Within the thymic microenvironment, integration of Notch-1 and the IL-7 signaling pathways are crucial to support T-cell development. IL-7 expression in thymic epithelial cells is regulated by location, ageing and thymocyte interactions (4–6,29,30). Given the importance of IL-7 and Notch signaling on thymus function, it seemed likely that efficient thymocyte development might depend on cross-talk between these pathways. Therefore, alterations in bioavailability of IL-7, e.g. during high dose clinical treatments, may affect T-cell development. Support for this concept was provided by a study showing that IL-7 enhances proliferation of early thymocytes while opposing Notch-1-dependent progression beyond the DN3 stage in OP9-DL1 co-cultures (31
). Another example was the finding that Notch-1 signaling potentiates IL-7 signaling in human thymocytes grown on OP9-DL1 (32
). Together, data from these in vitro
studies suggest that regulatory circuits do exist between the IL-7 and Notch pathways.
To investigate the effect of clinically therapeutic levels of IL-7 in vivo
, we created a Tg mouse that expresses about 40-fold higher than normal levels of IL-7 in the thymus (17
). Unexpectedly, high IL-7 levels reduced αβ T-cell development (17
), while promoting thymic B-cell development. Our findings differ from data using a different IL-7 Tg where B-lineage cells entered the thymus from the circulation due to very high levels of B lymphopoiesis in spleen, lymph nodes, and blood (33
). In contrast, we propose that high levels of IL-7 inhibited Notch based on our observation of numerous phenotypic abnormalities observed in the IL-7 Tg thymus and known to be associated with decreased Notch-1 signaling: fewer T cells and more B cells in the thymus; (7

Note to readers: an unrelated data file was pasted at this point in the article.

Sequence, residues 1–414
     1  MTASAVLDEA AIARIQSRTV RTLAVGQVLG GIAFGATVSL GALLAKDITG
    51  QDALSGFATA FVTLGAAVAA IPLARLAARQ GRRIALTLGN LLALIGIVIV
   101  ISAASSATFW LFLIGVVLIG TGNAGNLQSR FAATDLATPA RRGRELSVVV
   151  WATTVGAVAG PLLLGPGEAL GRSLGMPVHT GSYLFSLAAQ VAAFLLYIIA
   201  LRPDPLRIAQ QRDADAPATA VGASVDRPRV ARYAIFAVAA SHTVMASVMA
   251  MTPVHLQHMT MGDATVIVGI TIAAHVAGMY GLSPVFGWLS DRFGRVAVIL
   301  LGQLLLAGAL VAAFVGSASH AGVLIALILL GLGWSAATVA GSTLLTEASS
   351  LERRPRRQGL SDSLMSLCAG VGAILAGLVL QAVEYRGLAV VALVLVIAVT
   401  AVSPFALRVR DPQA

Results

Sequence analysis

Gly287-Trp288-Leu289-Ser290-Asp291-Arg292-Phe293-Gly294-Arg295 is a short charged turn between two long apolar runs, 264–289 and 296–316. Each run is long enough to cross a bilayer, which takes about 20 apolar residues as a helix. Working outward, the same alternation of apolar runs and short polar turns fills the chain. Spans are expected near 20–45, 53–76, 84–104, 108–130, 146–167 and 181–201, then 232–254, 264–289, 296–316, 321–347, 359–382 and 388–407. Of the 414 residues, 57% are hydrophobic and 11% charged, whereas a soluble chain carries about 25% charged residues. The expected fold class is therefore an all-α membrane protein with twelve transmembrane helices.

) reduced numbers of ETPs, DN2 and pre T cells and increases in γδ T cells and NK cells (18
). This idea was strengthened when we observed decreased steady state levels of the Notch-1 target genes Hes-1 and Deltex in ETP cells. Together, our data strongly suggested that a major effect of high IL-7 on thymocytes is an active inhibition of Notch-1 signaling in spite of abundant DLL1 or DLL4 in the thymus and in our OP9-DL1 co-cultures.
We next examined signal transduction pathways to determine how Notch signaling was reduced and determined that PI3K, Akt and GSK3β are hypo-phosphorylated in IL-7 Tg thymocytes compared with controls. These data provided insight toward a potential mechanism because it is known that GSK3β phosphorylates and inhibits Notch (10
). Based on this idea, we showed that LiCl inactivation of GSK3β (10
) in cells exposed to high IL-7 levels resulted in restoration of normal thymocyte development in OP9-DL co-cultures. Together, our data strongly suggested that a major effect of high IL-7 on thymocytes is an active inhibition of Notch-1 signaling.
Our results indicate that high levels of IL-7 also skew signaling networks and alter the developmental potential of thymocyte precursor cells. For example, we observed an increase in SOCS-1 expression in IL-7 Tg c-Kit+
DN1 cells. In accord with SOCS-1 ability to blunt cytokine responses (35
), we also found that phospho-STAT5 levels were reduced in IL-7 Tg DN1-4 cells compared with WT controls. This finding distinguishes our work from others that showed that expression of constitutively active STAT5 drives thymic B-cell development (36
In addition, we documented an increase in EBF and Pax5, master regulators of B-cell development in DN1 c-Kit+
cells sorted from IL-7 Tg mice. Conversely, we showed a dramatic decrease in Bcl11b and TCF-7, two genes critical for T-cell lineage commitment and development in DN1 c-Kit+
cells sorted from IL-7 Tg mice. Of particular interest is the recent finding that Bcl11b expression is repressed in culture conditions with high levels of IL-7 and Notch ligand (25
). In these conditions, DN2 cells that retain myeloid and T-cell (but not B-cell) potential accumulate but are unable to undergo T-cell development until IL-7 levels are reduced (25